Research Papers: Gas Turbines: Structures and Dynamics

Nonlocal Cyclic Life Prediction for Gas Turbine Components With Sharply Notched Geometries

[+] Author and Article Information
Roland Mücke, Holger Kiewel

 Alstom, Brown Boveri Strasse 7, 5401 Baden, Switzerland

J. Eng. Gas Turbines Power 130(1), 012506 (Jan 09, 2008) (8 pages) doi:10.1115/1.2747642 History: Received April 27, 2007; Revised May 07, 2007; Published January 09, 2008

The safe and efficient operation of modern heavy duty gas turbines requires a reliable prediction of fatigue behavior of turbine components. Fatigue damage is located in areas where cyclic stress and strain amplitudes are highest. Thus, geometrical notches associated with stress/strain concentrations and stress/strain gradients appear to be the most important sites for fatigue crack initiation. The paper addresses a nonlocal concept for cyclic life prediction of notched components. Contrary to various local approaches in the field, the proposed method explicitly accounts for stress and strain gradients associated with notches arising from grooves, cooling holes, fillets, and other design features with stress raising effect. As a result, empirical analytical expressions for considering either strain or stress gradients for cyclic life prediction are obtained. The method has been developed from cyclic test data on smooth and notched specimens made of a ferritic 1.5CrNiMo rotor steel. The analytical formulations obtained have then been applied to test data on the nickel base superalloy MAR-M247 CC showing a good agreement between prediction and measurement. Moreover, the proposed nonlocal lifing concept has been validated by component tests on turbine blade firtrees. The predicted number of cycles to failure correlates well with the experimental results showing the applicability of the proposed method to complex engineering designs.

Copyright © 2008 by American Society of Mechanical Engineers
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Figure 1

Strain distribution in notched and smooth specimens

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Figure 2

Example of notched specimen

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Figure 3

Principle of potential drop monitoring

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Figure 4

Example of potential drop measurements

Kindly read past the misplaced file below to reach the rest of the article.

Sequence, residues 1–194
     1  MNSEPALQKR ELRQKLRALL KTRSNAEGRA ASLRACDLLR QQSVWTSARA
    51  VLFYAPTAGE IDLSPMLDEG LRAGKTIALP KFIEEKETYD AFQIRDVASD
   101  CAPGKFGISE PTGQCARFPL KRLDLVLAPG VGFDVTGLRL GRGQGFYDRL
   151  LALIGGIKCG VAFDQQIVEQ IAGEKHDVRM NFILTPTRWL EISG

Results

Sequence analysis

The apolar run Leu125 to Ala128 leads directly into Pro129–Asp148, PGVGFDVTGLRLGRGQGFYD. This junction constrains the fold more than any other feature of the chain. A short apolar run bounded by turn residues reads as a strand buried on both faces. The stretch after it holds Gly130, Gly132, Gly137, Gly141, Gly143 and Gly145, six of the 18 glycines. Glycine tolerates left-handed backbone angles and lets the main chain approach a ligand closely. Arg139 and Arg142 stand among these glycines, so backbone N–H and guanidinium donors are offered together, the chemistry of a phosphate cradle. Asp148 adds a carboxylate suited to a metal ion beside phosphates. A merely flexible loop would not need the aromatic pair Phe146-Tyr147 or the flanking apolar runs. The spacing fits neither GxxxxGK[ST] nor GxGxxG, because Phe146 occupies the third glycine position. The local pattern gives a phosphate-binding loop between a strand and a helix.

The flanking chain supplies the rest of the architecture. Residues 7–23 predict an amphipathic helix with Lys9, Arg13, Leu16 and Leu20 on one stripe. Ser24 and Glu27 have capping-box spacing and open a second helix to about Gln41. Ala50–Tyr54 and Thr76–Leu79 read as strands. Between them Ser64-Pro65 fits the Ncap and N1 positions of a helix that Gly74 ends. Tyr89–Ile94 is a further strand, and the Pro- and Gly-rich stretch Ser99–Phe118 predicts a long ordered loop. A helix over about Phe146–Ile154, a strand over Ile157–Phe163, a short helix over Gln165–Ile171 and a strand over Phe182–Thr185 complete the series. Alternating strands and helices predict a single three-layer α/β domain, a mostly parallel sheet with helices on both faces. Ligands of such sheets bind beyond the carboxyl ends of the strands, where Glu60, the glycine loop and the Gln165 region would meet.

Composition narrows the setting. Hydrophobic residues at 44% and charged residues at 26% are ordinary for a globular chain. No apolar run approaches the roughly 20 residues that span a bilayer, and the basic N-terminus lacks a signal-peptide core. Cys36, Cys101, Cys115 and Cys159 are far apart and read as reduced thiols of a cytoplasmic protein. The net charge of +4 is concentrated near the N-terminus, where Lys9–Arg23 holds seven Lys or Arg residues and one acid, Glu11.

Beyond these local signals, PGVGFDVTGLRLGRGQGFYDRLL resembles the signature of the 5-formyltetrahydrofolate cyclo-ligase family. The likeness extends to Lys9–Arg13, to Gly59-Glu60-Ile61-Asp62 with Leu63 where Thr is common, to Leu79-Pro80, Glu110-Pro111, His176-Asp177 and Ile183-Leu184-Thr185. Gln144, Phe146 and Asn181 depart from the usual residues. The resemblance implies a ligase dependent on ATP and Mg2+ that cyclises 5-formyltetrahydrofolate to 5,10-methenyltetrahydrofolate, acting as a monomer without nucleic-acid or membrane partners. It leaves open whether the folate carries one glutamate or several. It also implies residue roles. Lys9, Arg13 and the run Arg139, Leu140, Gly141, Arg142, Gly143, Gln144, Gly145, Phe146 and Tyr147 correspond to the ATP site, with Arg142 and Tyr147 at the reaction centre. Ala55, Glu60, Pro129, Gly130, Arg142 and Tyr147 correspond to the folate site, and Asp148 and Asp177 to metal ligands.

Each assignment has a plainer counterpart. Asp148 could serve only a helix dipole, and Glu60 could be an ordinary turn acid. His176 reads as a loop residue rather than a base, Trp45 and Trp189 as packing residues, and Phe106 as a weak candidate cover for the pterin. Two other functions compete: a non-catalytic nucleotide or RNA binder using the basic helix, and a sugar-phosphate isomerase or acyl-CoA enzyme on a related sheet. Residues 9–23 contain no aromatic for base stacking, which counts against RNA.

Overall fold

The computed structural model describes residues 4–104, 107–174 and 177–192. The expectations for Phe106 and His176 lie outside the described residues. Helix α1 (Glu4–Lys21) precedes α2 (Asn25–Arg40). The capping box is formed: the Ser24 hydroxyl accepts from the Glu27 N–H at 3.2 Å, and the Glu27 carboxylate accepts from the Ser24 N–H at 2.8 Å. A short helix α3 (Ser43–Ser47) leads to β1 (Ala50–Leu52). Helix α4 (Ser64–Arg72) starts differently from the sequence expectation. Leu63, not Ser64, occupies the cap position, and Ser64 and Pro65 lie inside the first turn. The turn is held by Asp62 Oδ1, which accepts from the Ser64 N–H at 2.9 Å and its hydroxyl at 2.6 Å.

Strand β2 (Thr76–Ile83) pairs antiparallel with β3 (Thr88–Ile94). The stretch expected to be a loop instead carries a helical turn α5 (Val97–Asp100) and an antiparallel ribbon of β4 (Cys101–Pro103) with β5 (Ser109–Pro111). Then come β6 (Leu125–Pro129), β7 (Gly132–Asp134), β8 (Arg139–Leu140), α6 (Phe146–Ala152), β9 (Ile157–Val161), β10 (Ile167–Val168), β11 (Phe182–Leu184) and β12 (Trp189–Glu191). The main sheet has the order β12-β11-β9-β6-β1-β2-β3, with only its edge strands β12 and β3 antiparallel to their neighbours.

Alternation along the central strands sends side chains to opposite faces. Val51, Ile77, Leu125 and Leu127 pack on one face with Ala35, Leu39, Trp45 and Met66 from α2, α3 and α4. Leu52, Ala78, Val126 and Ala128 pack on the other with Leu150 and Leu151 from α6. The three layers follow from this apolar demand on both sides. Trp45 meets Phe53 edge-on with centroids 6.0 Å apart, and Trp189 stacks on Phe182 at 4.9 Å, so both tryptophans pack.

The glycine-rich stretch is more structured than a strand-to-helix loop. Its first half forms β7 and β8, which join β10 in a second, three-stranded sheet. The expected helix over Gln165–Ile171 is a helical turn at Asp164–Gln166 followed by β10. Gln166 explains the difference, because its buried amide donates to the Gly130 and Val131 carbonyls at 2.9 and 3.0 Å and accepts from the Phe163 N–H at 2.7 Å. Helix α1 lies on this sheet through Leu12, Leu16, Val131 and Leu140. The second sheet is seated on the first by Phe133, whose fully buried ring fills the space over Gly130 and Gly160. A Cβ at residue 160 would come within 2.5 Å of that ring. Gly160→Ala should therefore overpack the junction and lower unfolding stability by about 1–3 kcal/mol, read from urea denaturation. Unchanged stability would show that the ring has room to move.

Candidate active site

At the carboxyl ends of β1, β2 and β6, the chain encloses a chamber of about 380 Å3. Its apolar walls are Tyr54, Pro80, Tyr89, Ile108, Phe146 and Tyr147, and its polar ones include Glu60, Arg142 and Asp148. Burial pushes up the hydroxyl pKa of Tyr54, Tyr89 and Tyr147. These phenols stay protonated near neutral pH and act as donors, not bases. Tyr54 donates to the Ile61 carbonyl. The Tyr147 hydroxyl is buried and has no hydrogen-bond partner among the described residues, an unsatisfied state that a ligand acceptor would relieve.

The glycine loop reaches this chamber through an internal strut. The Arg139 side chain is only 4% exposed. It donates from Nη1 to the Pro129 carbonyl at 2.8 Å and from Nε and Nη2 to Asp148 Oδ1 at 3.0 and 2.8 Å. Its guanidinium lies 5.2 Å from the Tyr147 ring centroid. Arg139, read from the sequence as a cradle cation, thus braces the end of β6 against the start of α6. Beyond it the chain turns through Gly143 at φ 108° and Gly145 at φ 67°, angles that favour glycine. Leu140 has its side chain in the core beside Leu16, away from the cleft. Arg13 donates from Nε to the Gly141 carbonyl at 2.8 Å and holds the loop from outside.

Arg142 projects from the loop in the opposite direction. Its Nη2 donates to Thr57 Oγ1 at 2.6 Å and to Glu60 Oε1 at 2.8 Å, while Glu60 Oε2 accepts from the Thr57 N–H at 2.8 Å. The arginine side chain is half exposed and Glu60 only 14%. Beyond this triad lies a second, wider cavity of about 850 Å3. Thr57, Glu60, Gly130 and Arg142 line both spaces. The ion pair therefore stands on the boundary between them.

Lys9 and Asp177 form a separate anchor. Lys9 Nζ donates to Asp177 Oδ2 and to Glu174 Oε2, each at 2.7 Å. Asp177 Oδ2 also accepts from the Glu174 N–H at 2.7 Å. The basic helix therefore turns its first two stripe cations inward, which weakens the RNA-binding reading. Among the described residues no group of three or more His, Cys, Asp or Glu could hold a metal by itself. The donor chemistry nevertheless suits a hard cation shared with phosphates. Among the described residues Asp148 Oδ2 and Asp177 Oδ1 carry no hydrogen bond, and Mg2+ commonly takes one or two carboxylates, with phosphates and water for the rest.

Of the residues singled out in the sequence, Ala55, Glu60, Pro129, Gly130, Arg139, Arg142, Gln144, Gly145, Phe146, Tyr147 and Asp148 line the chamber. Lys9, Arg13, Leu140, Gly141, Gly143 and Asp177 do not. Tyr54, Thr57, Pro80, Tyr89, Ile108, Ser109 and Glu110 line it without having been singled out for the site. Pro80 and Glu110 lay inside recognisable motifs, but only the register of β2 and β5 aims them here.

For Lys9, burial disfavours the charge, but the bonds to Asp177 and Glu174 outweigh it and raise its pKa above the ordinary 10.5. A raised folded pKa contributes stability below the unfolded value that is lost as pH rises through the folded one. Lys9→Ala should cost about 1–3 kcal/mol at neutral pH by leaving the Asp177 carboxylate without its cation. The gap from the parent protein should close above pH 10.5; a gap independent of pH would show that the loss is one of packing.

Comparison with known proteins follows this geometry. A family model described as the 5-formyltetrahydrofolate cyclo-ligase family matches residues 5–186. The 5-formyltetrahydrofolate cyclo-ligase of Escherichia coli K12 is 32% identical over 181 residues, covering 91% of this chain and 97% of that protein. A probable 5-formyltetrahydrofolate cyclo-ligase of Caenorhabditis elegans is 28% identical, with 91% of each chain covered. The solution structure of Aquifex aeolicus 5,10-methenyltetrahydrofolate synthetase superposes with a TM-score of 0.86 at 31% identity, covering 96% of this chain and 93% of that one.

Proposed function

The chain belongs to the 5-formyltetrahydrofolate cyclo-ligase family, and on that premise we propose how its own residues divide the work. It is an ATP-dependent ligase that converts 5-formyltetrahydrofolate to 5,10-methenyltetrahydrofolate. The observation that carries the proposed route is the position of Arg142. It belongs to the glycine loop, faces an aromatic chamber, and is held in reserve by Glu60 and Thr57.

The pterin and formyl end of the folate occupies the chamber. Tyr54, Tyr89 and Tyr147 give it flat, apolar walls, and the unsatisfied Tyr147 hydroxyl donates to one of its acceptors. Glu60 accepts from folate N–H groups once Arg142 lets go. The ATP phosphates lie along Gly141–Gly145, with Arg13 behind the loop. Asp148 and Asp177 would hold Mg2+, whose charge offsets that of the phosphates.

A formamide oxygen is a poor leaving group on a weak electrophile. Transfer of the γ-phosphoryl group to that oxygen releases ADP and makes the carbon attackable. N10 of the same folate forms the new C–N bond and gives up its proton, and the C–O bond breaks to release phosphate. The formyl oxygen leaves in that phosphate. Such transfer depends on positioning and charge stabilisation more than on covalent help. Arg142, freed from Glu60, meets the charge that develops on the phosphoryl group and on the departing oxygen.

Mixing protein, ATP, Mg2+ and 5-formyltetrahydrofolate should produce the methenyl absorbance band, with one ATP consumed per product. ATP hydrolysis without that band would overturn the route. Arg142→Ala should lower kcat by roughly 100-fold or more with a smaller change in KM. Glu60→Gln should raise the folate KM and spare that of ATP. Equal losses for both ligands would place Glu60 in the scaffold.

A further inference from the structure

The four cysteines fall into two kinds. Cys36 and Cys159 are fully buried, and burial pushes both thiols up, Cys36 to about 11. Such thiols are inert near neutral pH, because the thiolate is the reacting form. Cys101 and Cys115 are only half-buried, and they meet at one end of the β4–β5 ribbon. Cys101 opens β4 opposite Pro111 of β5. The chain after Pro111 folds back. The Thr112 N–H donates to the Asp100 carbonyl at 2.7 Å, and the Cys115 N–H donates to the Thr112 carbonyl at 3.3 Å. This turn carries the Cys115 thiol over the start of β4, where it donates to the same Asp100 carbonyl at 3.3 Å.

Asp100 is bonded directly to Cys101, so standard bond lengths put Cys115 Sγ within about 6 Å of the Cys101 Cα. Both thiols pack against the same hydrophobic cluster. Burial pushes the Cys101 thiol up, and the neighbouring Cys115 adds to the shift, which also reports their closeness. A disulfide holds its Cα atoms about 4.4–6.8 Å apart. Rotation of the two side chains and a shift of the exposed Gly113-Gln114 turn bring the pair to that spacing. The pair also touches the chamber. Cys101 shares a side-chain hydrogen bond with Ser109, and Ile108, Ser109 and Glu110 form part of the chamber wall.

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Figure 5

The electrostatic field problem

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Figure 6

Boundary conditions for electrostatic field calculations

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Figure 7

Example of potential drop calibration curves

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Figure 8

LCF crack shape after heat tinting

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Figure 9

Strain-based approach for cyclic life assessment at notches

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Figure 10

Cycles to crack initiation versus global strain amplitudes

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Figure 11

Cycles to crack initiation versus local strain amplitudes

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Figure 12

Linear fit of local strain amplitudes and strain gradients

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Figure 13

Comparison of raw data and prediction for the 1.5%CrNiMo rotor steel

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Figure 14

Comparison of raw data and prediction for MAR-M247 CC

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Figure 15

Component test setup with strain gauges and potential drop probes

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Figure 16

FEA model of the component test setup

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Figure 17

Effect of friction coefficient on maximum principal stress distribution in the notch

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Figure 18

Examples for the distribution of the electric potential for a crack on one lobe

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Figure 19

Examples for potential drop calibration curves

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Figure 20

Results of component test

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Figure 21

Contact faces after testing




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